Biya (비야) is a popular restaurant known for its hearty, spicy budae jjigae.



Each person receives a small bowl of rice.



Seemingly random tator tots with ketchup and honey mustard.




Budae jjigae is quick and easy to make. Just toss and boil!








Our flavorful, spicy stew contained hot dogs, Spam, cheese, ramen noodles, glass noodles, rice cake, kimchi, onions, green onions, and other ingredients. Simple but delicious!



A free bottle of soda, coke, or orange soda to soothe the palate.

Biya is the place for budage jjigae. Fast, affordable, and delicious!

Biya Restaurant
Anam Station (Line 6), Exit #2

From Exit #2, walk back and around the corner. Walk straight until you see a black restaurant with white lettering. There are two Biya locations on the same block, one on each corner.

Wednesday, October 5, 2011

Seoul: With Chicken (위드치킨)



Seoul is known for having an overabundant amount of certain foods, such as kimchi and waffles (there's a waffle photo on the official tourism site!). One of these foods is chicken. Whether its grilled on a hot plate or deep fried drizzled in hot sauce, one can find one chicken restaurant after another in every major area of the city. Chicken-and-beer restaurants are the popular go-to hangout spots for college students. Anam Street, located next to Korea University, naturally has its own collection of chicken-and-beer places. As a college student studying abroad at the university, I've gone up and down the street numerous times for chicken and I've always found With Chicken (위드치킨) to be my favorite. Their chicken is tastier and cheaper than other places, including popular chain restaurants.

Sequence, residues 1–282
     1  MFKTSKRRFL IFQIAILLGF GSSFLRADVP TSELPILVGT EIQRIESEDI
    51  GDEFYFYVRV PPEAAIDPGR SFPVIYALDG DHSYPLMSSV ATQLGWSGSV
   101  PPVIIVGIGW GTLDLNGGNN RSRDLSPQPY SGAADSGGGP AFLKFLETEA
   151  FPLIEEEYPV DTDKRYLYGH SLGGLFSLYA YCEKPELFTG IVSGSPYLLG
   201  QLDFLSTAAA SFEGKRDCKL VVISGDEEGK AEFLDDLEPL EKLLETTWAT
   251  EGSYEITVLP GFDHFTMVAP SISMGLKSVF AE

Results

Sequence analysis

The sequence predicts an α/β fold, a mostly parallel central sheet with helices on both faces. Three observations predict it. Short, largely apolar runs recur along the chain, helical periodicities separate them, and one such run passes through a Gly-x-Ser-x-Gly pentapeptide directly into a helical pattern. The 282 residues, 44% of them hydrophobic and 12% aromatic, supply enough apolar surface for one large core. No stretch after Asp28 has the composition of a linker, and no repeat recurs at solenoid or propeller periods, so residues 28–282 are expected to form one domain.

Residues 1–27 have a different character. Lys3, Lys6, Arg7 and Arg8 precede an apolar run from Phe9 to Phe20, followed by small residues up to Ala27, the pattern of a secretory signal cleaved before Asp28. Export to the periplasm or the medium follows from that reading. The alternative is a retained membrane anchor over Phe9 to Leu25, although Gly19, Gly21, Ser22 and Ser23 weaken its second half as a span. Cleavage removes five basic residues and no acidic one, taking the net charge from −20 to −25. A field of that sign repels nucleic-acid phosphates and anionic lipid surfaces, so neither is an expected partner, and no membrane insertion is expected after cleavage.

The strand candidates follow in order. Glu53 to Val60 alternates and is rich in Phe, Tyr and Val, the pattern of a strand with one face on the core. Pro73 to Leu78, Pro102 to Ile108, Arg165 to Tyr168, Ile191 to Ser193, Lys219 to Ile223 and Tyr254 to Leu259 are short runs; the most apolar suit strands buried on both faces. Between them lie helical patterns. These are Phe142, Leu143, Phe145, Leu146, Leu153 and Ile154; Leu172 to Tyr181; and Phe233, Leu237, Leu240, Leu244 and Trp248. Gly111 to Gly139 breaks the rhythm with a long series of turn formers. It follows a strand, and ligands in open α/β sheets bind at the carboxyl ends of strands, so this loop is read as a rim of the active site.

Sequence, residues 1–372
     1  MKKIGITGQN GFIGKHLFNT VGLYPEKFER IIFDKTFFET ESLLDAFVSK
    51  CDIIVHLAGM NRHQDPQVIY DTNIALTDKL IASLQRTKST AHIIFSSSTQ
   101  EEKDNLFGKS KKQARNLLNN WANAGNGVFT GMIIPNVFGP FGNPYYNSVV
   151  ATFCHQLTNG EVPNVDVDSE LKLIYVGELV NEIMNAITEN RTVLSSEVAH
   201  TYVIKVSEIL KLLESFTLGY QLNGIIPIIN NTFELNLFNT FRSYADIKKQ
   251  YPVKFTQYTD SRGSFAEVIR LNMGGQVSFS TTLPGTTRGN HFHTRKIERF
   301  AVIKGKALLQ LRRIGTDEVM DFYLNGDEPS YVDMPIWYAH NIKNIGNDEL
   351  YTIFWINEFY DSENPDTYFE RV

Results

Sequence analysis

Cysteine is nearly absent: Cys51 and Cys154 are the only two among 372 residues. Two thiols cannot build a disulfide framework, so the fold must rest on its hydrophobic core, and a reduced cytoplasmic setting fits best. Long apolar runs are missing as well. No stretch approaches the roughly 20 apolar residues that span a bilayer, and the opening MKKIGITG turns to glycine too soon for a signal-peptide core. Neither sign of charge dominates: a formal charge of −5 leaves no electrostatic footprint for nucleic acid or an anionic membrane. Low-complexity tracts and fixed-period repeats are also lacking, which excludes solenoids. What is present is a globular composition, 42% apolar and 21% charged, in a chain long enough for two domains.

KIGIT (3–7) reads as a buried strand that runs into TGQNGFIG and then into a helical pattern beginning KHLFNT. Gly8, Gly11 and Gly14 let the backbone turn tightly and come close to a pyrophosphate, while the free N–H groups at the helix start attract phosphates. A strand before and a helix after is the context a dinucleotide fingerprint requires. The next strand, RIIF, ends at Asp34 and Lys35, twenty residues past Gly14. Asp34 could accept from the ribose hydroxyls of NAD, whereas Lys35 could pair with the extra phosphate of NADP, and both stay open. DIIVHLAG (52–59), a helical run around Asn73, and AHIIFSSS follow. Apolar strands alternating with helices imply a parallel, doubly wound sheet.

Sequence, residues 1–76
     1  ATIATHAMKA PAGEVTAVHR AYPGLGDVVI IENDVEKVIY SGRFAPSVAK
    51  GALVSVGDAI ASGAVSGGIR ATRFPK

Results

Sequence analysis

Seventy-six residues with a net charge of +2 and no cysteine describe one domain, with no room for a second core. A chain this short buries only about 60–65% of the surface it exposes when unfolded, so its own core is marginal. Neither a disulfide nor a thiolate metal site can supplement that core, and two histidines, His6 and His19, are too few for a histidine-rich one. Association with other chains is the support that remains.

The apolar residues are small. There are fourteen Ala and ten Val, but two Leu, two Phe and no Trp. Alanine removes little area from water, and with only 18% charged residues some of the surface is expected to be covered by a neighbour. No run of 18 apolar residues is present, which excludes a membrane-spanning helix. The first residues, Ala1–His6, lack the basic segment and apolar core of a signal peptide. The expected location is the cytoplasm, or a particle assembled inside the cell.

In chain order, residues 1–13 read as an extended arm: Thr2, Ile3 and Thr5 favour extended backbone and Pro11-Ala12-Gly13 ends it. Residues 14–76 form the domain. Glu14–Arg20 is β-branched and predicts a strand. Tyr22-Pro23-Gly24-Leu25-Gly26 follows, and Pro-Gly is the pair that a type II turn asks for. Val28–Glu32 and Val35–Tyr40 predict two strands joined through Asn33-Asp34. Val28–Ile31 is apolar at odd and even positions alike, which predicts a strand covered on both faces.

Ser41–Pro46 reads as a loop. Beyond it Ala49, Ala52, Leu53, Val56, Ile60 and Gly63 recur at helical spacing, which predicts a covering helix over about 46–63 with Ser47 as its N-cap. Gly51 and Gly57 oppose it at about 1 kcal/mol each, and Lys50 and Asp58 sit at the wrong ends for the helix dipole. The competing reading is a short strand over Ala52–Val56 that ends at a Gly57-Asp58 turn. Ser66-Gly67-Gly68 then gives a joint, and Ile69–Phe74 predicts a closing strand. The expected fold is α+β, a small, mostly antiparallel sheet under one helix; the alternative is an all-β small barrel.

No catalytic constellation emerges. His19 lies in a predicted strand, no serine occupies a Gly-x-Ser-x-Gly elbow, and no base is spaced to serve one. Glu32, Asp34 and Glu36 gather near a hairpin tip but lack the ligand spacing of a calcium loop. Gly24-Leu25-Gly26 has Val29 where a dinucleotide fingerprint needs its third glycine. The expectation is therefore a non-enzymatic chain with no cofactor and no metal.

With Chicken is easily recognized by its tempting display window and inflatable chicken sign.



The takeout menu. Chicken boxes run at ₩9,000 to ₩11,500 for ten pieces.




Spring onion (파닭 paldag) chicken, spicy crispy chicken topped with spring onions and a spicy soy-based sauce.



Crispy (크리스피 keuriseupi) chicken!




The interior is minimalistic.




The restaurant menu. The drink listing is in the back.



Complimentary rice/corn chips. These are crunchy and mostly flavorless.



Kkakdugi kimchi
, pickled white radish kimchi. These are crunchy and slightly sour, serving as refreshing palate cleansers.



Soda and coke. When ordering, English speakers should say "cider" and "cola" to the non-English-speaking waitstaff.



Beer. Chicken-and-beer restaurants can get quite loud during weekend evenings when college students hang out to play drinking games.



Crispy chicken and garlic chicken combo. The chicken combos come with a mound of regular and crinkled fries.



The crispy chicken is indeed crispy, not thickly breaded like other places. The meat itself is tender and juicy.



Seasoned (양념 yangnyeom) chicken. The sauce is made with garlic, tomato, gochujang (hot chili pepper paste), and sugar. The flavor is sweet, sour, and spicy.



Garlic (마늘 maneul) chicken. This chicken is always the table favorite, as well as my personal favorite. The sweet, savory garlic sauce is delicious!




The fries come as a basket of regular and crinkled.



Refreshing iced peaches.



Jal meokkesseumnida!



With Chicken
Anam Station (Line 6), Exit #2
Anam-dong, Seongbok-gu, Seoul, South Korea
From Exit #2, walk back and around the corner. Pass Coffee Bean and Biya. With Chicken will be just before the second Biya restaurant you see on the same block (there is one on each corner).

02-921-5022